Former Disney and News Corp. lobbyist Preston Padden is fronting a new organization for TV station owners interested in participating in the Federal Communications Commission's efforts to buy broadcast spectrum that it can auction off to wireless companies.
So far, few broadcasters have publicly expressed a desire to sell either some or all of their spectrum. The FCC wants the spectrum because it fears there is a shortage looming given the explosion of mobile devices, especially in big cities. The spectrum has been valued at $25 billion and the potential cut for TV stations is $1.75 billion.
Many broadcasters have said there is no such shortage but the industry has agreed to take part in a voluntary spectrum auction.
The organization, dubbed the "Expanding Opportunities for Broadcasters Coalition," said its founding members "include television broadcast stations that under the right conditions, would like to participate in the auction." Padden declined to say which broadcasters he is working with, citing the confidentiality requirements of the FCC's auction process.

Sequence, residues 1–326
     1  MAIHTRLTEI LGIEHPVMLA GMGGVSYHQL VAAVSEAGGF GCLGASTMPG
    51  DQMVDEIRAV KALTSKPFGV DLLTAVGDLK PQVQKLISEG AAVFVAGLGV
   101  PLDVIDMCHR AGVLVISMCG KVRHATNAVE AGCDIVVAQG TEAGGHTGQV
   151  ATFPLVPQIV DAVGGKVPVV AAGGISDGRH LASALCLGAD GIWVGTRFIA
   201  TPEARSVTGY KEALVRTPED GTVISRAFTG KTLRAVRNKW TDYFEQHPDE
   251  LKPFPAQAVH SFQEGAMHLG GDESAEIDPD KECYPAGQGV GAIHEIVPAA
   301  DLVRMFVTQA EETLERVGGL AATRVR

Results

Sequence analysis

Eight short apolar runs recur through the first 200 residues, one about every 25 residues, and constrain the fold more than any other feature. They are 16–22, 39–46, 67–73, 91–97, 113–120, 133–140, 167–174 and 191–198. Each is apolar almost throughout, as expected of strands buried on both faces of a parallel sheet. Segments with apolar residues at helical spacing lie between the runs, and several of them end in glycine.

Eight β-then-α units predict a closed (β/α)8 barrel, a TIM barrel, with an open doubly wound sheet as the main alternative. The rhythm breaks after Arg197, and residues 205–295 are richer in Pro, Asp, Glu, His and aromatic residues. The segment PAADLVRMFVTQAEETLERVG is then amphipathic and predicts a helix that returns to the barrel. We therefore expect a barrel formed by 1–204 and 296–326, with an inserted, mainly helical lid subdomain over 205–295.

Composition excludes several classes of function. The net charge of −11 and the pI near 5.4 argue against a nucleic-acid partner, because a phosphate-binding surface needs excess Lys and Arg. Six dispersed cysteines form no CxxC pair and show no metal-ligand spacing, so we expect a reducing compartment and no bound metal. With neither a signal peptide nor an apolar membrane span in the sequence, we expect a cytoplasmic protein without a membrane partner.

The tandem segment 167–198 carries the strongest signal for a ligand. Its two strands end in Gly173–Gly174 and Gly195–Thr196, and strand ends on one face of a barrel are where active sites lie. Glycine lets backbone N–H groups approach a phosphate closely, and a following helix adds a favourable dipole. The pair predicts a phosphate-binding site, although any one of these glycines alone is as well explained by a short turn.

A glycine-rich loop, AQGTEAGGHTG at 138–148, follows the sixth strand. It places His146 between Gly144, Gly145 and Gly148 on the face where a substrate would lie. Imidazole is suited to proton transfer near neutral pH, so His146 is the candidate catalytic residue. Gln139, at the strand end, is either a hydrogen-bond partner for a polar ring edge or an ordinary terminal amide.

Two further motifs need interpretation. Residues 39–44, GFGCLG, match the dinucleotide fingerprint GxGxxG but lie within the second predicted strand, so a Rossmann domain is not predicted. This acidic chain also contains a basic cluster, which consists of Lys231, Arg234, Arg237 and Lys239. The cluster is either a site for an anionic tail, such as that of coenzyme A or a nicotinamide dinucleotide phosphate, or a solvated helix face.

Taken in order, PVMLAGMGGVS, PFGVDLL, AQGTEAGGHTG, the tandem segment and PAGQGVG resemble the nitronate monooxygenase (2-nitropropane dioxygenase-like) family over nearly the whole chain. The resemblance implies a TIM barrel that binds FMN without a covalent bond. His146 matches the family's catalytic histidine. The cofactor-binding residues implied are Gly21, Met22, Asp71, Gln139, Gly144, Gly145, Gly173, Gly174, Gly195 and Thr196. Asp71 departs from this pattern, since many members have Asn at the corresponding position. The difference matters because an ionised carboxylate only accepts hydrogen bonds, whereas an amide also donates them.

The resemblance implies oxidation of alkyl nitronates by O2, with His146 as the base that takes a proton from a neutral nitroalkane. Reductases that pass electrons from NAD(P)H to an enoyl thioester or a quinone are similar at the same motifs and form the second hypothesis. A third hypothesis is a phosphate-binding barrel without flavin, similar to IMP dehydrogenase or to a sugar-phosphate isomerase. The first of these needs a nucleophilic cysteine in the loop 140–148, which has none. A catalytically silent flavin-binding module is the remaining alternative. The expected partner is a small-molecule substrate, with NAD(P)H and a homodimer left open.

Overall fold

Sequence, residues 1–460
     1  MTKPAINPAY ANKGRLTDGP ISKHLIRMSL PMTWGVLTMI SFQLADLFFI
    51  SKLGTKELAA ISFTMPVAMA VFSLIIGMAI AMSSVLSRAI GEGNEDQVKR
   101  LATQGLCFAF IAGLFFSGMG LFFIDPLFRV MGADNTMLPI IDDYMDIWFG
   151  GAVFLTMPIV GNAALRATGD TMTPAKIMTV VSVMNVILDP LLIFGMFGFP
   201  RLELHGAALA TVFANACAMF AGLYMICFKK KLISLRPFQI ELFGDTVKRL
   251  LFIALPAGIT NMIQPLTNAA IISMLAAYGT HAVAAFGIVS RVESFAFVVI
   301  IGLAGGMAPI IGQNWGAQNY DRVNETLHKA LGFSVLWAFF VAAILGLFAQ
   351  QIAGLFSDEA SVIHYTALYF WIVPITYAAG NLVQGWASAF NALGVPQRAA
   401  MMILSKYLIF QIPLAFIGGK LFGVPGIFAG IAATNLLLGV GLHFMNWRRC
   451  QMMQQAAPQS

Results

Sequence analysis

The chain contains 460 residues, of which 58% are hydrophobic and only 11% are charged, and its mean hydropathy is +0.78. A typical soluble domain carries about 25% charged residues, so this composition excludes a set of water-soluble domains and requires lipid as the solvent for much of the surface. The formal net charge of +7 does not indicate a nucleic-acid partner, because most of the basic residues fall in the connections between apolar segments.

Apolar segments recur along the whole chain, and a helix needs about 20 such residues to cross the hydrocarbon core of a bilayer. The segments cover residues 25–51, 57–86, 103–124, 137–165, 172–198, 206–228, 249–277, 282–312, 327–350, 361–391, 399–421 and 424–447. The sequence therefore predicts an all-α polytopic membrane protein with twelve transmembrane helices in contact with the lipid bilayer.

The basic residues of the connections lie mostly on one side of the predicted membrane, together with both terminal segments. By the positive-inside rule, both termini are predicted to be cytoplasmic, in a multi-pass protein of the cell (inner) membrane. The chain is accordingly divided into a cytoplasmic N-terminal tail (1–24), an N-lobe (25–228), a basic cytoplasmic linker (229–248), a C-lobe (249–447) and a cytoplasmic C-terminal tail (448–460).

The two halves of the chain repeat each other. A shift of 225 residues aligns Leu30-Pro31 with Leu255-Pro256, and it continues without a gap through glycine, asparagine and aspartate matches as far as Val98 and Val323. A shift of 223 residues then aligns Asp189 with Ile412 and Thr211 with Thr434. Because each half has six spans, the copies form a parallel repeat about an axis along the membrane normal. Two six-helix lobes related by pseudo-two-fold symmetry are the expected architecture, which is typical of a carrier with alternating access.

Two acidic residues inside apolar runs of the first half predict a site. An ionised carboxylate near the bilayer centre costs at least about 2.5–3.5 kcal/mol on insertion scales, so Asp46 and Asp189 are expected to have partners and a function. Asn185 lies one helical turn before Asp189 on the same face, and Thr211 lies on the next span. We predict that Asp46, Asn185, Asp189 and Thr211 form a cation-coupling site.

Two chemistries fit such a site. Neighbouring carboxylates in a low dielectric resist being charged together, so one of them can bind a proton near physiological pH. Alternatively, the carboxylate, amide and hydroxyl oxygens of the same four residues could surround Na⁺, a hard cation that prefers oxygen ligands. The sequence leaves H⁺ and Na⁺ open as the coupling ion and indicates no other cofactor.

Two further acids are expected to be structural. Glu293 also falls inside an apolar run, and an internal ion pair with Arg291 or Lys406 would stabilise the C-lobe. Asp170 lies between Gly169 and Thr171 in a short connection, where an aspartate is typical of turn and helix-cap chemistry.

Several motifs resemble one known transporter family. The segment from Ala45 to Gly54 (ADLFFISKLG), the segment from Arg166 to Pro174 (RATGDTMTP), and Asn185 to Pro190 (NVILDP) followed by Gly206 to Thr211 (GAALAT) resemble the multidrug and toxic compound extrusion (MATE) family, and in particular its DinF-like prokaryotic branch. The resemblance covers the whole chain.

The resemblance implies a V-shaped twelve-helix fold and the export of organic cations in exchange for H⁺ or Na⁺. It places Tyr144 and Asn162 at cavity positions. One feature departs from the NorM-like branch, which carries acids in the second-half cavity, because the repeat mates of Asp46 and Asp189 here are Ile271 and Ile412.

Padden, who retired from Walt Disney Co. in 2009 and is now a senior fellow and adjunct professor at the University of Colorado Law School, said in an interview Tuesday that he was drawn to the position because "this is going to be one of the most interesting telecom issues of the next few years."
He added that "if the auction is going to be a success, it has to be structured in a way that entices willing broadcasters to participate."
There were mumblings around Washington soon after the Padden announcement came out that the organization was in fact being funded by the wireless communications industry.
Padden called such speculation "ridiculous" and "completely made up."
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